I don’t see any harm in a big redesign project in itself where it is appropriate. Sometimes it’s just best to start again rather than try to do lots of smaller fixes. So long as it’s not repeated again and again.

Perfect Human Resources intranet page

Welcome again to the Human Resources section of the intranet

Human Resources reports to the Corporate Services business group, just so you know who you’re dealing with.

These pages contain reference material and information about your employment with the company, plus help and advice and useful forms. We know that may come as a surprise.

We  have designed these pages to be easy to use, and feel the need to tell you about it. In fact, they’re so easy that we even give you detailed instructions on how to use them.

We aim to review this site on a regular basis and to keep these pages up to date.

You’ll find all the options that you actually came here for, hidden way down below the bottom of the screen because to tell you about us and what we do and how fabulous we are and how to use this site is more important than you actually finding what you wanted.

Please bookmark this page so that when we restructure our pages, you’ll get a broken link if you try to come back.

We hope you enjoy your visit to Human Resources.

Thank you for flying air intranet. Good bye now. Good bye. Thank you. Goodbye.

Page updated: 3 May 2008

I woke up in London 2012

London, 8 August
9.47AM
It’s taken me 15 minutes to setup my laptop at work, in my flexible workspace. But now the intranet homepage has loaded. I’ve got my morning coffee and croissant. I say the intranet homepage, but it’s actually my homepage with my newsfeed. There are little thumbnails of my colleagues running down the screen.


I can see that Chris is out of the office this morning doing some filming. He probably posted his status via his iPhone. I post a comment on his status: “Don’t forget, NEVER walk backwards with the camera!” The coffee tastes good this morning.

10.20AM
There is a meeting at my desk scheduled with some HR people in 10 minutes. They just phoned from their offices in Birmingham. Going to be a little late. Can we make it 10.45 to give them a little time to refine their comments on the document that we are collaborating on. No problem, gives me time for a cigarette and another coffee!

10.45AM
Back at my desk, the online meeting is starting.  Just 3 of us. I’m doing a demonstration of how to add metadata to job vacancy documents. I can see that Matthew is interested in “3D screens at work”. Might have a chat with him later…

11.12AM
After the meeting, I need to contact Stace. She’s on my friends list. I follow her on my newsfeed. I speak with her every few weeks but I don’t know her number and haven’t actually met her. I found her through my cousin’s profile, who, like Stace, works up in Essex. She’s recently dyed her hair. She’s now dayglo orange and very proud of it. She had 457 comments on her new photo and was allegedly “trending” in Chelmsford for a day or two! Her number is next to her photo. It’s still nice to talk to people.

During the conversation, Dianne direct messages me. “Out with us for lunch today?” I finish off with Stace and reply to Dianne: “Book me a place pls.” She’s over in the team farm workspace today. I’ve chosen a quieter booth on my own as I’m taking part in a chat this afternoon and need a bit of peace.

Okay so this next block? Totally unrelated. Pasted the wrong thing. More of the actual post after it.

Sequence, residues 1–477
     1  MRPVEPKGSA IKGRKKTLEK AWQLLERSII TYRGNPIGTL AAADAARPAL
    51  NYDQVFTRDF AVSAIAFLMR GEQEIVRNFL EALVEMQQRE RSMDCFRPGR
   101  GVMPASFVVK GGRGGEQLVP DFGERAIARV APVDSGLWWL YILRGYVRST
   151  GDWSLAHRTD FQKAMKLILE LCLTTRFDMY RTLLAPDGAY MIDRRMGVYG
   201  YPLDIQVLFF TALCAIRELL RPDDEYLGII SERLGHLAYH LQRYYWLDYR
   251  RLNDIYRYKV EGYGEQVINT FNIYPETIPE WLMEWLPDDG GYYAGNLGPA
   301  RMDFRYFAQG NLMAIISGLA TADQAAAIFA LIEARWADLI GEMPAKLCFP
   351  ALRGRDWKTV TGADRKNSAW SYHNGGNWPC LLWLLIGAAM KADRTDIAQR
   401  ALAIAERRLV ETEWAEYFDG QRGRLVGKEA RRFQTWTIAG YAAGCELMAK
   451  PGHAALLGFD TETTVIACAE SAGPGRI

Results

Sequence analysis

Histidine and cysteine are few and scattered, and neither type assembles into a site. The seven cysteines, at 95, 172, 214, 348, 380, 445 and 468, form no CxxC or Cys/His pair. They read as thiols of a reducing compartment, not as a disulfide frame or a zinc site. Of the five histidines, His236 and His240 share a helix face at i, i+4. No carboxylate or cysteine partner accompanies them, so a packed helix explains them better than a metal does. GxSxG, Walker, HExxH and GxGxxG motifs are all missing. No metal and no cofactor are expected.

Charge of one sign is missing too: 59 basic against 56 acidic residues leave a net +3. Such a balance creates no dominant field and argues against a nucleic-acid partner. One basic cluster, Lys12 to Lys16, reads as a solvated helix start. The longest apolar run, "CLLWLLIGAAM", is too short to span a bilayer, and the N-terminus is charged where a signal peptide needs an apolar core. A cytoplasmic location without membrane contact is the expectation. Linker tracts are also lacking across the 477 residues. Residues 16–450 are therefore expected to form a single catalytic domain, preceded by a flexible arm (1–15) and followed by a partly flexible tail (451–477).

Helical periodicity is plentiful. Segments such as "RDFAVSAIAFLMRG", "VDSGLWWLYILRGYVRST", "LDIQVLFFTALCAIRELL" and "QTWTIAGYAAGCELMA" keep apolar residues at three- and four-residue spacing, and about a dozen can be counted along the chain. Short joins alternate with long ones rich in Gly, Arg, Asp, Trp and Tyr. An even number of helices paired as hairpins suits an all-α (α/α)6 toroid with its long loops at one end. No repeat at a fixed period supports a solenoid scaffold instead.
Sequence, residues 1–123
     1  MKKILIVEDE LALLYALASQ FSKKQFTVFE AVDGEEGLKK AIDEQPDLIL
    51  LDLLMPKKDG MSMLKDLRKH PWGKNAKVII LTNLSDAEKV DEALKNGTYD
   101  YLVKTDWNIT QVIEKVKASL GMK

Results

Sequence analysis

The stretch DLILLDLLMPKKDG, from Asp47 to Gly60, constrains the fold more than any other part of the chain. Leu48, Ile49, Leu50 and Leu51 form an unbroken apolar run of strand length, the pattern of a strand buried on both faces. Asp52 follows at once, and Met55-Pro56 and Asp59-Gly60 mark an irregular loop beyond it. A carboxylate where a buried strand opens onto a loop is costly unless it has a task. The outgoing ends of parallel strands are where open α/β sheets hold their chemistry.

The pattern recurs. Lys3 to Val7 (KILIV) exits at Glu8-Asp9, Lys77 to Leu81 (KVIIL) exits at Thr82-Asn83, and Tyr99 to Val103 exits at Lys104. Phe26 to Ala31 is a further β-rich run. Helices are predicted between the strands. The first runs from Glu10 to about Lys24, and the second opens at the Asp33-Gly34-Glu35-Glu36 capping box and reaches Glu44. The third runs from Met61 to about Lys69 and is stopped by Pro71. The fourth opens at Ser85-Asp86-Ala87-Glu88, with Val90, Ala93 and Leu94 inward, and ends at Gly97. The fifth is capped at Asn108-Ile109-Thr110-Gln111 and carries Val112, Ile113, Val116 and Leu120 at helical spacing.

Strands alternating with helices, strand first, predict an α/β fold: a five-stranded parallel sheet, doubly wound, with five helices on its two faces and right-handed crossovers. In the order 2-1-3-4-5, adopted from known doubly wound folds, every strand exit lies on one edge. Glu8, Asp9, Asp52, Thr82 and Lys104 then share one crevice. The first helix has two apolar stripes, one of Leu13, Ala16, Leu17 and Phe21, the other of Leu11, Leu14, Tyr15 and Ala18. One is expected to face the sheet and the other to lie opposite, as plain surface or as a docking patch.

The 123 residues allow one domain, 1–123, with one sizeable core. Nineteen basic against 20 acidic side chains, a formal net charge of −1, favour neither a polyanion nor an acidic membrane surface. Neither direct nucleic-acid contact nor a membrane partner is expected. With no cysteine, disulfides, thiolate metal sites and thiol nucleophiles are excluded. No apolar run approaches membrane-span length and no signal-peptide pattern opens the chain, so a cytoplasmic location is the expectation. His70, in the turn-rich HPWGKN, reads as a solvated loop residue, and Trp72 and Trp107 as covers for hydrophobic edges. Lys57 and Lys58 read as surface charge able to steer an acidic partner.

12.30PM
Being part of the digital team has added bonuses. We get an iPhone to play with. We’re “piloting” the use of them in the workplace in preparation for rolling them out to the frontline. Not everyone will get one, but with nearly 100K staff, we’ll get a good deal on the phones.

I’ve been to this restaurant twice before but I still can’t navigate my way around the backstreets of Victoria.  So, iPhone a-go-go, I tune into Jen’s beacon and start walking with my earpiece turned up. The girls left 15 minutes ago to get the table and I’m late as usual. I send an automated message to Jen with my tracking beacon and ETA. We’re on a strict timetable today. They’ll know what to get me for lunch, I always share the vegetarian platter.

2.09PM
I’ve been following one of the core intranet production managers over in one of our subsidiary organisations.  Their core content and structure has been in a state for donkey’s years, but they’ve recently seconded someone who I’ve been working with over the years to manage the department. Anyway, José is having problems. He’s got a few discussion threads going about how to go about the redesign and at 3 o’clock we’re having a closed whiteboard session. There’s a group of information usability people on the “stream”.  We’ve all got together and are going to do some kind of intranet makeover in real-time.

3.51PM
The session went well. There was a good consensus of opinion from the wisdom of the group. We also managed to mock up some initial ideas in the sandbox and they can start testing pretty soon. I also got 3 “Lovelies” added to my profile – that’s 7 I’ve notched up this week!

Everyone is a little excited today. There’s going to be an announcement a little later this afternoon as our Permanent Secretary is appearing live on the C-link to talk about the recent staff survey. We’ve all been voting and taking polls and taking part in discussions over the past few weeks. What with the Olympics on and the great weather, everyone has been in high spirits.

I’ve got a little time before I login. I type into the search box “eye test voucher”. Top of the list is the guidance page. It’s always had a load of 5 star votes. It’s well written and you can download the form. Ah, the realness of paper. I also need to prepare for my appraisal. They call it something else here. I managed to find the guidance page on the intranet. And I add a few tags to the page: “appraisals, review”.

4.23PM
I’ve never known the place so quiet. Everyone is tuning in. The channel is playing the current trends from the stream. #efficiency and #savings are high in the charts. And #responserate just moved up.

Tomorrow I’m going to be analysing what’s been going on in the public debate. A bit of a row has broken out recently. Some goings on in Newham. A conversation has started on the public website and there’s a ripple that might turn into a wave.

Nevertheless, life has been so much easier since we had the stream. And our tribes. And our mobile technology. Little groups have popped up all over the place. You know who to contact if you need help with something.  And there’s no end of interaction with people from all over the organisation. You can still have a little fun an work. A little social life. We’ve all got our business to do. But today it’s about people. The brave and happy people.